According to the book The Treatise of Lu Ban, Lu Ban made the wooden bird fly to the Chu state to find his sister. Lu Ban’s father was so anxious to find his daughter that he decided to accompany the wooden bird without telling Lu Ban. Since Lu Ban’s father didn’t know how to fly it, the wooden bird crashed in the state of Wu. People in the state of Wu wanted hold Lu Ban’s father hostage to force Lu Ban to make a wooden bird for them. Lu Ban’s father refused to cooperate with their demands and was killed. Lu Ban then made a wooden immortal to avenge the death of his father. The wooden immortal’s finger was pointing toward the Wu state. It caused the Wu state to suffer a drought for three years. When the people of the Wu state realized this, they bestowed lavish gifts upon Lu Ban and apologized for their wrongdoings. The benevolent Lu Ban forgave them. Then he cut off the finger of the wooden immortal and carried out some magic arts. Rain immediately fell upon the Wu state.
Lu Ban also made a wooden horse that could walk on the ground automatically. This is the earliest recorded form of an “automobile.” During the Three Kingdoms Period, Zhuge Liang utilized Lu Ban’s wooden horses to transport food. However, these skills were later lost.
Lu Ban cared for his family very much, and this inspired him to invent several notable tools. For example, when Lu Ban first drew a line using the modou (a carpenter’s ink marker), he asked his mother to hold the other end of the string. Then they finished the work together. Later, Lu Ban didn’t want to tire his mother by always asking her to help, so he made a hook at the end of the string so that his mother didn’t need to hold it any more. In order to commemorate Lu Ban’s filial piety, successors named the hook ban mu or mu gou (mu means “mother” in Chinese). Another example is that when Lu Ban first planed pieces of wood, he would ask his wife to hold the other end of the wood so it wouldn’t slide off the bench. In order to allow his wife to tend to her housework, he nailed a small piece of wood on the bench to prevent the wood from moving forward. Thus, successors named this device ban qi (qi is a Chinese word for “wife”).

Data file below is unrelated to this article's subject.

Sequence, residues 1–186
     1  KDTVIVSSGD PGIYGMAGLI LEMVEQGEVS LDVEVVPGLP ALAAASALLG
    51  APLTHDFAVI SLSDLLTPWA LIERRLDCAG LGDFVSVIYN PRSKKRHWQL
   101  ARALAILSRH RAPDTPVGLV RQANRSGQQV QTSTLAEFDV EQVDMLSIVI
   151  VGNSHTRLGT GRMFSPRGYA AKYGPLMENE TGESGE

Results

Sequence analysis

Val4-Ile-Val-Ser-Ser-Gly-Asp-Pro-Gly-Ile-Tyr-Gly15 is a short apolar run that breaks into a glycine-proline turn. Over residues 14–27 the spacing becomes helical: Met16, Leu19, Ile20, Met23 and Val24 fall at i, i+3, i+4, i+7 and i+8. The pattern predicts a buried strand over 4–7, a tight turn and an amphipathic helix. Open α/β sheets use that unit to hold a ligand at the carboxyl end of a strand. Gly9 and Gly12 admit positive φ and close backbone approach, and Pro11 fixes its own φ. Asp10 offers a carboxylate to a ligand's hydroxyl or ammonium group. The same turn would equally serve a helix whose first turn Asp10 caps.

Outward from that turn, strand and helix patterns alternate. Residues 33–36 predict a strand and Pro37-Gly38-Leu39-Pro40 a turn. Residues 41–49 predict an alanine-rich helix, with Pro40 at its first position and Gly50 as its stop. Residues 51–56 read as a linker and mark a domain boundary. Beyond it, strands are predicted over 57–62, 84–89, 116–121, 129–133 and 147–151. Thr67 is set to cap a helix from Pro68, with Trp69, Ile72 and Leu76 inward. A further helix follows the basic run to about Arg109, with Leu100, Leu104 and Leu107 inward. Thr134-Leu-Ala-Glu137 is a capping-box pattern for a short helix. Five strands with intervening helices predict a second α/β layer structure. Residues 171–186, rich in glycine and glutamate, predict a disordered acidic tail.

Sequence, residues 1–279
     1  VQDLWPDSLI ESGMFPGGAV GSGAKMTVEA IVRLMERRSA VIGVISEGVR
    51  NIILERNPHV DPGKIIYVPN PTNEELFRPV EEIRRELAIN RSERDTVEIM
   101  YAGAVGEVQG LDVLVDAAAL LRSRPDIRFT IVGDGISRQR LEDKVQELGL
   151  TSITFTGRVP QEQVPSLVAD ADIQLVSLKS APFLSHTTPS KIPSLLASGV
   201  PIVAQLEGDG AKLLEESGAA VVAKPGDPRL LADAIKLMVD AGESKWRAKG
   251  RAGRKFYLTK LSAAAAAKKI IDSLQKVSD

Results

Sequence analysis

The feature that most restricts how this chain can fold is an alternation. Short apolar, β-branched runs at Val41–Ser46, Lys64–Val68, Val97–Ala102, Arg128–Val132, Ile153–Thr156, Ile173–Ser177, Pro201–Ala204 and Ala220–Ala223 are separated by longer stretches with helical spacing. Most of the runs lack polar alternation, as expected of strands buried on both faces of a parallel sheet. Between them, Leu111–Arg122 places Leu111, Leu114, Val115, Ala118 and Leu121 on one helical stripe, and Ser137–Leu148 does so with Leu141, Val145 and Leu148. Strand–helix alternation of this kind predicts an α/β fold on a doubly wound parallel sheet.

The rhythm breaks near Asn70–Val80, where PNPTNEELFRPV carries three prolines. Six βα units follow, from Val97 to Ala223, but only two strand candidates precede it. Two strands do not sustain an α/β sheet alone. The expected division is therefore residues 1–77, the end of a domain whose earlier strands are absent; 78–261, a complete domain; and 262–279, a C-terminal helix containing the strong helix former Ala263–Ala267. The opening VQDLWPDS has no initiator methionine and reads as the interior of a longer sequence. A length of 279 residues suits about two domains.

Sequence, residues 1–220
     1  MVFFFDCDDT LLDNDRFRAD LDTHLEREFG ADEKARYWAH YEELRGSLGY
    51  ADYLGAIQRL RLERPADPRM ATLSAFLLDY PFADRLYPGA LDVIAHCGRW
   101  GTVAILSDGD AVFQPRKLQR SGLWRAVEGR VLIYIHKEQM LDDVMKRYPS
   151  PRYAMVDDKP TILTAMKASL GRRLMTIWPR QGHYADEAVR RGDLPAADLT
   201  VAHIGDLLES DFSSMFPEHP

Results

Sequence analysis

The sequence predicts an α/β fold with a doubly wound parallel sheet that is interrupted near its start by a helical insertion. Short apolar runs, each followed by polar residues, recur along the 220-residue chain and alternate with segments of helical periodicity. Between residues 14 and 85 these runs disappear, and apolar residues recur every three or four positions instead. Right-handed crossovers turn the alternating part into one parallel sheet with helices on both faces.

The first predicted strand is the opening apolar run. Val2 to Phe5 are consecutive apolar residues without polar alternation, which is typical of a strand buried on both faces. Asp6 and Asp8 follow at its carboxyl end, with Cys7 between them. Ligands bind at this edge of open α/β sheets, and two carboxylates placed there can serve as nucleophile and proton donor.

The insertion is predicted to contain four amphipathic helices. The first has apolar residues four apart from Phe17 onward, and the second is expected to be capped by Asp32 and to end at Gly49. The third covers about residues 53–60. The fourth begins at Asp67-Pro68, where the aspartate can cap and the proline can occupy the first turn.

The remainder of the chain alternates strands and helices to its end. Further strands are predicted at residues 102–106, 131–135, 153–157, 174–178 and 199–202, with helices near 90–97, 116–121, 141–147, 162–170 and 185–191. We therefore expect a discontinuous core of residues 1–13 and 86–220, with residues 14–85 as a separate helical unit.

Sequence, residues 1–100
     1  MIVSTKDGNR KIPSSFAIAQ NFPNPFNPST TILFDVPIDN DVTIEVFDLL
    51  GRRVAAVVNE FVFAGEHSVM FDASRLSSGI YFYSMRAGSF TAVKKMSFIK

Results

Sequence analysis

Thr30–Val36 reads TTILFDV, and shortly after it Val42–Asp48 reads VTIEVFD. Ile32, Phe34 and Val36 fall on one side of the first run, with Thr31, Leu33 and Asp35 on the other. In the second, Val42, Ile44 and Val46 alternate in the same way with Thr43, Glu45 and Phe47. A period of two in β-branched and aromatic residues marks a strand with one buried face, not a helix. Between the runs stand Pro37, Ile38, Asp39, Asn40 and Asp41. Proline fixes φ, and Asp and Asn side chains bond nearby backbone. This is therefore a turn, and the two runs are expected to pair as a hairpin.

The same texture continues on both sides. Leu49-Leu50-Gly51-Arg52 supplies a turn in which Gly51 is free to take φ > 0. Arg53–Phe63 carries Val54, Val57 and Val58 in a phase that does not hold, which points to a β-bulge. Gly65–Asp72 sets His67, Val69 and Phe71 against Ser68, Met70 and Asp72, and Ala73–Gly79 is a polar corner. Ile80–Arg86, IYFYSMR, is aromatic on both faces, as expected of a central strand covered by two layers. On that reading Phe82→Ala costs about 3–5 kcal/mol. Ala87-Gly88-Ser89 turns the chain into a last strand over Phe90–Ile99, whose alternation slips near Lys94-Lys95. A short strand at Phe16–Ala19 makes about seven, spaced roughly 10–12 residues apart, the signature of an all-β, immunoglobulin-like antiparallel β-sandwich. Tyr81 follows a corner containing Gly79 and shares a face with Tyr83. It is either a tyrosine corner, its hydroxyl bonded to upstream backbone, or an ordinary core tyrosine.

Lu Ban also created numerous carpentry tools for the Chinese people, such as the drilling hook, the stone mill, the shovel, dividers, mudou, and the ruler. It was said that Lu Ban invented the saw after his finger was cut by a blade of grass. Lu Ban also made the cloud ladder and the nine implements used in warfare. He also made the earliest three-dimensional topographical map, Jiu Zhou Tu, which was highly respected by Chinese emperors in history. Through his inventions, Lu Ban brought great benefits to the people.
However, Lu Ban’s greatest contribution was not that he excelled in creating these tools, skills and mechanical devices. More importantly, Lu Ban advocated following the Tao. Lu Ban said, “Heaven and Earth don’t need the compass or the angle board to make a circle or square. But when it comes to the human world, people need the compass to draw circles and need the angle board to draw squares. The universe and its works are already in the Tao, but human beings walk away from the Tao. Thus human beings need the compass and the angle board to make the circle and square.” Hence we can see that when Lu Ban passed on his skills, he also felt he had no choice. People need tools because they are far from the Tao. Of course, through teaching about these tools, what Lu Ban taught helped people get back to the standard of being human.
If Lu Ban didn’t make those tools or devices, and if his successors didn’t have the same clear thinking as Lu Ban, then Lu Ban’s skills might have been lost. Therefore, Lu Ban had to invent those craftsman’s tools so that they could be passed down for generations.